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A tropical system — now known as Invest 91L — gathering strength near the Yucatan Peninsula may become the first tropical storm of the 2022 Atlantic hurricane season as it heads toward Florida, according to the National Hurricane Center.

If sustained winds strengthen to 39 mph, it would become Tropical Storm Alex, the first name on this year’s list of storm names for the Atlantic basin.

The system is forecast to become a tropical depression or tropical storm as it moves northeast over the Caribbean Sea and Gulf of Mexico.

Regardless of development, the system could bring flooding rains across South Florida, with some areas seeing 8 to 12 inches of rain. AccuWeather forecasters are predicting up to 20 inches in some areas.

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Here’s the latest update from the NHC as of 2 a.m. June 2:

Tropical Storm Alex, tropical depression has high chance to develop

  • Formation chance through 48 hours: high, 80 percent.
  • Formation chance through 5 days: high, 80 percent.

What could be the impact of the tropical system on Florida?

Flash floods are possible as a tropical system moves across Florida.

Regardless of development, areas of heavy rainfall are likely across portions of the Yucatan Peninsula and western Cuba during the next day or so, spreading across southern and central Florida and the Florida Keys Friday and Friday night, and the northwestern Bahamas on Saturday.

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These heavy rains could cause scattered to numerous flash floods across South Florida and the Florida Keys.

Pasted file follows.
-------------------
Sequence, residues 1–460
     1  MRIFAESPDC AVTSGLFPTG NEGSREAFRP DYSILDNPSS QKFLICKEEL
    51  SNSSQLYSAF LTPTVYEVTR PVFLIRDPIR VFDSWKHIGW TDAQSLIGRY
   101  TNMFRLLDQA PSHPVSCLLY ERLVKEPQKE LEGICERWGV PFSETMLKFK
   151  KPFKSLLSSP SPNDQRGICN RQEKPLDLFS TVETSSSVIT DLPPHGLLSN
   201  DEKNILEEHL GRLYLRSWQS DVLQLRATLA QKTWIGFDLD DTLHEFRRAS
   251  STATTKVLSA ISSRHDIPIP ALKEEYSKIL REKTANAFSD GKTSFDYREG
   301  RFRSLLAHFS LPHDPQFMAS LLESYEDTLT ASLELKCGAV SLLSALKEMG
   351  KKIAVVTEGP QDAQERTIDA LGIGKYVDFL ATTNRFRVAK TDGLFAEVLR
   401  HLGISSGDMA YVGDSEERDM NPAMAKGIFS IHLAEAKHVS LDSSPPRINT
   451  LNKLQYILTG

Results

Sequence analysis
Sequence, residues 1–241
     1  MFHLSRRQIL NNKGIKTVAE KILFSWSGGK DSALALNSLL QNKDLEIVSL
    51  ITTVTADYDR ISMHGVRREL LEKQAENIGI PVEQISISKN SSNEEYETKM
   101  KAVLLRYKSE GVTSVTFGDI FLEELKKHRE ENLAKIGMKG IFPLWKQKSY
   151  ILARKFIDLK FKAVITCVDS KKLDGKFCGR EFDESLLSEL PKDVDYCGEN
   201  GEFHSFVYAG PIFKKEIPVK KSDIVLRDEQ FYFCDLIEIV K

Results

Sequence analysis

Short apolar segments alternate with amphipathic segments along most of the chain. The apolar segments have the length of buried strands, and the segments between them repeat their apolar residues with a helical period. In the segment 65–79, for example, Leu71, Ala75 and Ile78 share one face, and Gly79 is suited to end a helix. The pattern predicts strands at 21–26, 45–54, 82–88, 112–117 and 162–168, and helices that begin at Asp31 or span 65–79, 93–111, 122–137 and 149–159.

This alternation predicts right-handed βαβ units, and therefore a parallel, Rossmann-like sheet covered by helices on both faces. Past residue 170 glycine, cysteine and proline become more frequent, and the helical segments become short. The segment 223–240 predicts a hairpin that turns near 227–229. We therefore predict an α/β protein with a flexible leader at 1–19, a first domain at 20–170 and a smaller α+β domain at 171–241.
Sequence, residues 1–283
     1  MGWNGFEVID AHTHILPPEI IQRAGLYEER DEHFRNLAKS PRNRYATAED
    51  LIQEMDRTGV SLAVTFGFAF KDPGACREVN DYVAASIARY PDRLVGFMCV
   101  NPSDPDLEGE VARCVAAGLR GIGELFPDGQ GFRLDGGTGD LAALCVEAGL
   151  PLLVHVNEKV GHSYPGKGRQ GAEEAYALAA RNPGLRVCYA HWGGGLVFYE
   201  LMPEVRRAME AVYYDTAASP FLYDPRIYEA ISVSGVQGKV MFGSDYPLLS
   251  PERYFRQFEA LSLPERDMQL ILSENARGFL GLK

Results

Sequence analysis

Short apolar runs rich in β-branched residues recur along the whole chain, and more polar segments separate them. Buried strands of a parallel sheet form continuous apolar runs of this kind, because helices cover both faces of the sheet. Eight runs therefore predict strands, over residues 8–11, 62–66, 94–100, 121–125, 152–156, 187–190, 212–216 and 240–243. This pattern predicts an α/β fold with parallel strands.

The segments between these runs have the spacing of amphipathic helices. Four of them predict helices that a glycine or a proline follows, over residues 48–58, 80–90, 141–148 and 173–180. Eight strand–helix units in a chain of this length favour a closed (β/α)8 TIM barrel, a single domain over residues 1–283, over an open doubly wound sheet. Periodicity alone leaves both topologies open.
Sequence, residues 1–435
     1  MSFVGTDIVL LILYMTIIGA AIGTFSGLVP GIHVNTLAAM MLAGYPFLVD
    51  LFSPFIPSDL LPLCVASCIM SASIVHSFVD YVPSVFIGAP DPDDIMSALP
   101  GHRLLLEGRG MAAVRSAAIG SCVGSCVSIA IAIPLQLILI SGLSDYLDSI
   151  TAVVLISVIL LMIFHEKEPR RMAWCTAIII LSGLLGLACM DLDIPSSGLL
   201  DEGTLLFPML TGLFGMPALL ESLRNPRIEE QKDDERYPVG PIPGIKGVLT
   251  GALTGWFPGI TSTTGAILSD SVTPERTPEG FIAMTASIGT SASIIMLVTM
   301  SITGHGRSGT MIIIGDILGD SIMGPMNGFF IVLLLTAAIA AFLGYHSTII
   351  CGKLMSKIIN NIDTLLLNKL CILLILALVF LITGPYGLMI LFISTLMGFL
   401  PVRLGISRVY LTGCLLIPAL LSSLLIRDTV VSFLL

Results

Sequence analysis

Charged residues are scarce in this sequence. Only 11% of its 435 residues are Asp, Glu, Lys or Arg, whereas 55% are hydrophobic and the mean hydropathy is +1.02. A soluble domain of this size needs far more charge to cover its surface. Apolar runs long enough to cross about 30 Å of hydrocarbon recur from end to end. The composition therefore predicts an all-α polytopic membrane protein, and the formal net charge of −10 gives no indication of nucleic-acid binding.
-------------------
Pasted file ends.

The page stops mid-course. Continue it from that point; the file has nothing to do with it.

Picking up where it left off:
When could the tropical system affect Florida?

As the storm moves northeast, flooding rains will begin to impact South Florida as early as Friday, according to AccuWeather.

As the storm moves into Florida, it will bring a large swath of torrential rains from the Keys to the southern and central parts of the state. The heaviest rain will likely occur in South Florida from Friday through Saturday night, with AccuWeather Local StormMax™ predicting up to 20 inches.

Regardless of whether the system becomes a tropical depression or tropical storm, it will approach Florida with drenching downpours and gusty thunderstorms from Friday to Saturday.

What other impact could the storm bring to Florida?

“There is also the potential for a few tornadoes and waterspouts as the system crosses the Florida Peninsula or passes just to the south of Florida,” AccuWeather Senior Meteorologist Brett Anderson said.

In addition to torrential downpours and the likelihood of urban flooding, building seas and surf will occur around southern and central parts of Florida and the northern Bahamas.

What else is out there and where is it?

A weak surface trough located about 150 miles northeast of the northwestern Bahamas is producing disorganized showers and a few thunderstorms.

What are the chances it could become a tropical storm?

Upper-level winds appear too strong for significant development of this system while it moves northeast at 5 to 10 mph over the southwestern Atlantic during the next couple of days.

  • Formation chance through 48 hours: low, 10 percent.
  • Formation chance through 5 days: low, 10 percent.

It’s too early at this time to determine if there will be any impact to land from the system off Florida’s East Coast.

Tracking the tropics in real time:

These graphics, which update automatically, show you activity in the tropics in real time:

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What’s out there?

What’s next?

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This article originally appeared on Naples Daily News: Tropical system continues to strengthen, Florida impact urban flooding

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